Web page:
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From Rob Weir <robw...@apache.org>
Subject Re: What is a good Project Management Committee?
Date Mon, 17 Sep 2012 08:24:45 GMT
On Fri, Sep 7, 2012 at 2:41 PM, Andrew Rist <andrew.rist@oracle.com> wrote:
> I'm not particularly satisfied with current PMC selection process. I think
> the first pass was actually fairly reasonable, and fairly quickly resulted
> in a list that contains the people who are serious about the project.
> Unfortunately, we haven't been able to find consensus on the next step.  I'd


Just a quick observation.  We're hitting some classic bike shedding.
Selecting a PMC is something that everyone feels competent to comment
on and have an opinion about.  Therefore, everyone does have an
opinion and posts their opinion.  I'm as guilty as the next person.
This leads to a form of analysis paralysis and stagnation.  We have
half a dozen or more variations on selection methods that probably
will yield approximately the same thing in the end.  Maybe fine
distinctions, but not critical ones.

One way to escape this is for someone (anyone) to make a concrete
proposal and push it forward.  In other words, seek lazy consensus and
carry it out.  That will reveal if there are any substantive
objections to a proposal versus endless discussions on variations and
alternatives that have no greater degree of support.

In any case, I'd have no objections to your proposed method.  But I do
fear it will languish unless pushed forward with more vigor. And I'd
urge others to support whatever reasonable proposal comes along rather
than continuing to bike shed on alternatives that are slightly
different, but probably no better.  Weigh the benefits of progressing
on this against the microscopic incremental gains that we'll see by
continuing discussion on voting/selection methods.

Regards,

-Rob


> like to propose a different way to look at this which may lead us to a
> better way to move forward.   I think we can avoid the need to organize the
> next step around '-1' (i.e. speaking out against potential PMC members -
> discussions around who to leave off), and instead create an affirmative
> process where we identify who we want on.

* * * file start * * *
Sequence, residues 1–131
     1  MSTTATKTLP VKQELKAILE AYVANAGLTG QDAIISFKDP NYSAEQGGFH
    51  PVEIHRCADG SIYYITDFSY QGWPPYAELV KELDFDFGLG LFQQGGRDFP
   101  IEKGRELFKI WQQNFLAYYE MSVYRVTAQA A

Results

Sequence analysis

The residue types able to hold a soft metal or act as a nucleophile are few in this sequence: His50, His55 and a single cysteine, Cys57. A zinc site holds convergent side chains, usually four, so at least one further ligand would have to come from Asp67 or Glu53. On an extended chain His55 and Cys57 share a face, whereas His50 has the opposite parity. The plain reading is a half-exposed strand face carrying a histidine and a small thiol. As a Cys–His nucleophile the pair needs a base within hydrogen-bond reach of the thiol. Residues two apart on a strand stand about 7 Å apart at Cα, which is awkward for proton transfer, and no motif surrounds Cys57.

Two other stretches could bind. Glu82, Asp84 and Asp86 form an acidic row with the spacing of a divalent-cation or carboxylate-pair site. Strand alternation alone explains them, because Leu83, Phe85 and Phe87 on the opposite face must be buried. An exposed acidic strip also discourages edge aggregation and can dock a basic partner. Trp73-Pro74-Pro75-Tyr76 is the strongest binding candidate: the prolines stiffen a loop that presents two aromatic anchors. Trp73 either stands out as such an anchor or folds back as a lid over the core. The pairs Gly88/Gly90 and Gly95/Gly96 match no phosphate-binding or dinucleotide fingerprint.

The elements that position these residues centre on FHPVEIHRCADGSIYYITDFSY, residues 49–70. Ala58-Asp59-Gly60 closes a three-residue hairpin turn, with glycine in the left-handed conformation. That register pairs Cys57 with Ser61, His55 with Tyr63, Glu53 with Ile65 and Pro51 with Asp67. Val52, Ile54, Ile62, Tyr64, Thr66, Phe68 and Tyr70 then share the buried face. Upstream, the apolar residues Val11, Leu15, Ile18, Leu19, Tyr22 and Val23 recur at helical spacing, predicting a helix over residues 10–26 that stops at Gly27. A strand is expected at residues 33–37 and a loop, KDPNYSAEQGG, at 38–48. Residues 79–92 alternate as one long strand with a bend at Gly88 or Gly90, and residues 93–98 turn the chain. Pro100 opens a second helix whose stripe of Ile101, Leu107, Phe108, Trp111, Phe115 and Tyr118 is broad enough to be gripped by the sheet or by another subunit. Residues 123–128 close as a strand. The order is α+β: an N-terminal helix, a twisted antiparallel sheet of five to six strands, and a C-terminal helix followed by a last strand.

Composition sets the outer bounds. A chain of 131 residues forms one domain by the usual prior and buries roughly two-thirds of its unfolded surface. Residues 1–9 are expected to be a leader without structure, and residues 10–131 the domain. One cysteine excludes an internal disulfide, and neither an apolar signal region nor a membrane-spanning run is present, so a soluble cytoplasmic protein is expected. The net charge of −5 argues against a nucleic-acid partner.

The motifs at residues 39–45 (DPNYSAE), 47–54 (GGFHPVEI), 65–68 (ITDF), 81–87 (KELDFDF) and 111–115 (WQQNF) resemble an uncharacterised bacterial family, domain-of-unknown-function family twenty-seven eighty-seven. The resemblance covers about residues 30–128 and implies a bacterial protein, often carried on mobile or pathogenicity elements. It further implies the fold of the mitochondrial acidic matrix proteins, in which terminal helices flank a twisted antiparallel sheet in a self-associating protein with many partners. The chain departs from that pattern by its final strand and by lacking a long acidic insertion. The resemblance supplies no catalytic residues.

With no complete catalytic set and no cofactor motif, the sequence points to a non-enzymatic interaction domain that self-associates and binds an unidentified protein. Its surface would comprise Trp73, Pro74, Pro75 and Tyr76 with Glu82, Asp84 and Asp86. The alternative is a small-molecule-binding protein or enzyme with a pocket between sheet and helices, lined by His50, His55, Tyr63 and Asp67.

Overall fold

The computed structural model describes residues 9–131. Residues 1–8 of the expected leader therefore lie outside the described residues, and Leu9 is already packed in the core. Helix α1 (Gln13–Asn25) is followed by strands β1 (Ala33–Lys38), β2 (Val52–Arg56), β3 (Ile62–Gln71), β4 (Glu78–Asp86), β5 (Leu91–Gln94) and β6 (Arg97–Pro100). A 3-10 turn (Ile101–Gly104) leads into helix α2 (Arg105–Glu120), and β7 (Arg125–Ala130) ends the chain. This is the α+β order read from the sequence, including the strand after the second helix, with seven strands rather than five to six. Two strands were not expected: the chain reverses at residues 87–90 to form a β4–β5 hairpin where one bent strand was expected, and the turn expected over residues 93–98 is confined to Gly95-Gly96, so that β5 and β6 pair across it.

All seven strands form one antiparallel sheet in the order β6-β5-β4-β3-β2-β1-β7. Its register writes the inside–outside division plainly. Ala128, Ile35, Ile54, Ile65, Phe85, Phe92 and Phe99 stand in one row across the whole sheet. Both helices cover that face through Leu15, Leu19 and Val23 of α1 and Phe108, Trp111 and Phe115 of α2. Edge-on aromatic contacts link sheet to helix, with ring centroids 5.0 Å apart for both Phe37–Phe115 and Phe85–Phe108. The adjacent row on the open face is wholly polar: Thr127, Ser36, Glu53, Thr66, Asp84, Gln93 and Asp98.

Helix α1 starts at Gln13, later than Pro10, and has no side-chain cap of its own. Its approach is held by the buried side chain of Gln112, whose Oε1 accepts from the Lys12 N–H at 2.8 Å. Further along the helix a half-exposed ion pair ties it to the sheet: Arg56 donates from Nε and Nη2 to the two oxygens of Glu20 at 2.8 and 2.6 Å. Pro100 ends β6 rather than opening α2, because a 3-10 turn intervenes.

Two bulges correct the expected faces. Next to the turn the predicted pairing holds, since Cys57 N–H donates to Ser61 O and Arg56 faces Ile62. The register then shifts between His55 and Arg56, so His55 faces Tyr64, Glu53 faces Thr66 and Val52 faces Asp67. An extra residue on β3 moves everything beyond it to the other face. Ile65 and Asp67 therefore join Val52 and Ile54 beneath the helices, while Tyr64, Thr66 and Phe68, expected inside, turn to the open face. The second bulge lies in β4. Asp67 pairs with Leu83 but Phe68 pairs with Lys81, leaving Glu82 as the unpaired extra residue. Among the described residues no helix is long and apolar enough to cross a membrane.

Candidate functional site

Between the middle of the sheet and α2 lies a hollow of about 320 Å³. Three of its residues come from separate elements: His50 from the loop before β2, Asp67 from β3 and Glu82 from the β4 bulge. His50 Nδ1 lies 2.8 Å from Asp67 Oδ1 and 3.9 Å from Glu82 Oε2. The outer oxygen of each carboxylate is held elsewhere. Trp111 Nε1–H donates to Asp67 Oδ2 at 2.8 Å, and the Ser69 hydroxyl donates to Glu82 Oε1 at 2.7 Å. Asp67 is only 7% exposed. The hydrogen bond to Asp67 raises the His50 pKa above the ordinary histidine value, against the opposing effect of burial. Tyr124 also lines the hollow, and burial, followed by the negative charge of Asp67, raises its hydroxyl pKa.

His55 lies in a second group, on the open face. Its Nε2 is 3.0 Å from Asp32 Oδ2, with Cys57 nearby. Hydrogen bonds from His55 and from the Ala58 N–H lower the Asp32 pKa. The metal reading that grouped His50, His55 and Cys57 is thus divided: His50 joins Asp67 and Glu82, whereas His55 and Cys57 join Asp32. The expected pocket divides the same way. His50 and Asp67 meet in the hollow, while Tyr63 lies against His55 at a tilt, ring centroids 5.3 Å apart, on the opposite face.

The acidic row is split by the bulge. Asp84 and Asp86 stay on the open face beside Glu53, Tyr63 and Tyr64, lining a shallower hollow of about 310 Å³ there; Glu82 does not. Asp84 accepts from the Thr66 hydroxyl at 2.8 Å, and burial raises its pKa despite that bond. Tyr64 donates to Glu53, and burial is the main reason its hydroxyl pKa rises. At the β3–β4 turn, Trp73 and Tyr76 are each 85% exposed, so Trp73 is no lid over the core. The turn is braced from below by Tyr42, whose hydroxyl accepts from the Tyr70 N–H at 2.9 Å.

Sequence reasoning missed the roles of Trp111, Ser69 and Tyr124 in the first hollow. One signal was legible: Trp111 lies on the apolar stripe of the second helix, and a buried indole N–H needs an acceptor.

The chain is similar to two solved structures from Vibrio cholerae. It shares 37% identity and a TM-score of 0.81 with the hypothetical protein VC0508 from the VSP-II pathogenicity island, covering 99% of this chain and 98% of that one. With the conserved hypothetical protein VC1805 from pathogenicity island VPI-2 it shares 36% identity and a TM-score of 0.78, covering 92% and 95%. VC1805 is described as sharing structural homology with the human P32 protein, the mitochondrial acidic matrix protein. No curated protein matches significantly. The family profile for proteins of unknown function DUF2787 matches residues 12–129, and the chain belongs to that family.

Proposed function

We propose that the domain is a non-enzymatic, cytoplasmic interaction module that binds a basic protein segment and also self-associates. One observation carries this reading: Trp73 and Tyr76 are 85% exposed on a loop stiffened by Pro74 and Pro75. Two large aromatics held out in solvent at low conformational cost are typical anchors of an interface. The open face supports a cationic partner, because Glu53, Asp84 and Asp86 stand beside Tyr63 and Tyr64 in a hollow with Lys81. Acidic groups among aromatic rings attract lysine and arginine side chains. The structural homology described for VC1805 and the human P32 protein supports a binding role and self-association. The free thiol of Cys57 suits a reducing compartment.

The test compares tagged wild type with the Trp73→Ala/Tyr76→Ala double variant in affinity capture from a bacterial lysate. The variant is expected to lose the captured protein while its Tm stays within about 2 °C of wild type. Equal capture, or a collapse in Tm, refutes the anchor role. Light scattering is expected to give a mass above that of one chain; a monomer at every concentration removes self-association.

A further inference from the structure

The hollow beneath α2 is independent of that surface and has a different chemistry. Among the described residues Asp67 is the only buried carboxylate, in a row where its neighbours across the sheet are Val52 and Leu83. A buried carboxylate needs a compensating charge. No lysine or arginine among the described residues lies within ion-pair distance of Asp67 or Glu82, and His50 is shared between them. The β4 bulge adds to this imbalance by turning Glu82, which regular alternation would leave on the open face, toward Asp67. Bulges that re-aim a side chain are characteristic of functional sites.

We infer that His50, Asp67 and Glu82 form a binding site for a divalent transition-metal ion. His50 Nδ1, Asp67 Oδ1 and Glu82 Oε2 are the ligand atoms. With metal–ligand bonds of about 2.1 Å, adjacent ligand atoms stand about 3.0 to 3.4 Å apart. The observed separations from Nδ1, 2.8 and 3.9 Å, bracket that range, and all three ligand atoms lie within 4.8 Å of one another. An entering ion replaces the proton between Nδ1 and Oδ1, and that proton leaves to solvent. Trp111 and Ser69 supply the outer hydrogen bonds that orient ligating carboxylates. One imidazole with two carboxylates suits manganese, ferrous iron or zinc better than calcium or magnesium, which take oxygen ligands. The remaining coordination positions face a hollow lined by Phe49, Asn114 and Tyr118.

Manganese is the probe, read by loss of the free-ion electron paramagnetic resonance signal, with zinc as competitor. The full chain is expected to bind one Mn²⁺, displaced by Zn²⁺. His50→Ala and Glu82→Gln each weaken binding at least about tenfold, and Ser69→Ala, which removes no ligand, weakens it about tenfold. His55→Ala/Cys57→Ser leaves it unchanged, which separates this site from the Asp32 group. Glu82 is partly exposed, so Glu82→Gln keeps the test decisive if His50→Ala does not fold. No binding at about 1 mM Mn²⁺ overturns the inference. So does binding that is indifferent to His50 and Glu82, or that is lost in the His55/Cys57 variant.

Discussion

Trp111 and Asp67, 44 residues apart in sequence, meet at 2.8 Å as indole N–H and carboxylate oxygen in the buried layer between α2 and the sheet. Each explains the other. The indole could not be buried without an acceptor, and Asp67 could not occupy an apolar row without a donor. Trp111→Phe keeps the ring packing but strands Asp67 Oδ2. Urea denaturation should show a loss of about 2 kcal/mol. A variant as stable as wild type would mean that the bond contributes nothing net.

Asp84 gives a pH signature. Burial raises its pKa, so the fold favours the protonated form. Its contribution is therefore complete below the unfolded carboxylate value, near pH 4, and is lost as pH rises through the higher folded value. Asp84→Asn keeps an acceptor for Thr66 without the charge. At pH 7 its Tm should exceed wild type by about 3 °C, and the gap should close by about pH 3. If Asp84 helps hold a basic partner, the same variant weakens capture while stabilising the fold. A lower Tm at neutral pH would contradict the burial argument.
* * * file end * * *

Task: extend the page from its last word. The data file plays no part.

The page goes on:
>
> What is a good Project Management Committee?
> Here's my start (please expand on this):
>
>  * Representative of the diversity of tasks in the community
>    (developers, web/wiki/forum, translators, testers, UX, release,
>    marketing, press, ecosystem, infrastructure)
>  * Representative of the geographical diversity in the community
>  * Made up of the most involved members of the community
>  * Able and Competent to perform required ASF functions (overseeing
>    releases and developing the community)
>  * Represents the community in the best possible light
>
> While on one hand I understand why so many of us want to be on the PMC, a
> large PMC is not necessarily in the best interest of the project.   The PMC
> should not be making decisions about the direction of the project and on who
> gets to do what - the PMC should be mostly involved with voting in new
> committers and approving releases.  The direction of the project should be
> determined on ooo-dev, and by the people who are active in the parts of the
> community listed above.
>
>
> My Proposal for the next step in the PMC selection process:
> I suggest that each of us provide up to 10 names for the PMC.  no
> spreadsheet - no voting - no '-1s' for now.  Just an affirmative list of the
> 10 people you think should be doing the work of the PMC.  (the list of names
> we have produced so far is a great place to start for your list, but it is
> not exclusive) Anyone can play! PPMC members, committers, the community.
> Next we use this to produce a list of the group getting the most votes.
> (using PPMC and committer lists as more binding)   We can use this to
> produce the next pass at the proposed PMC roster, hopefully a PMC of around
> 20 members.
>
> Andrew
>
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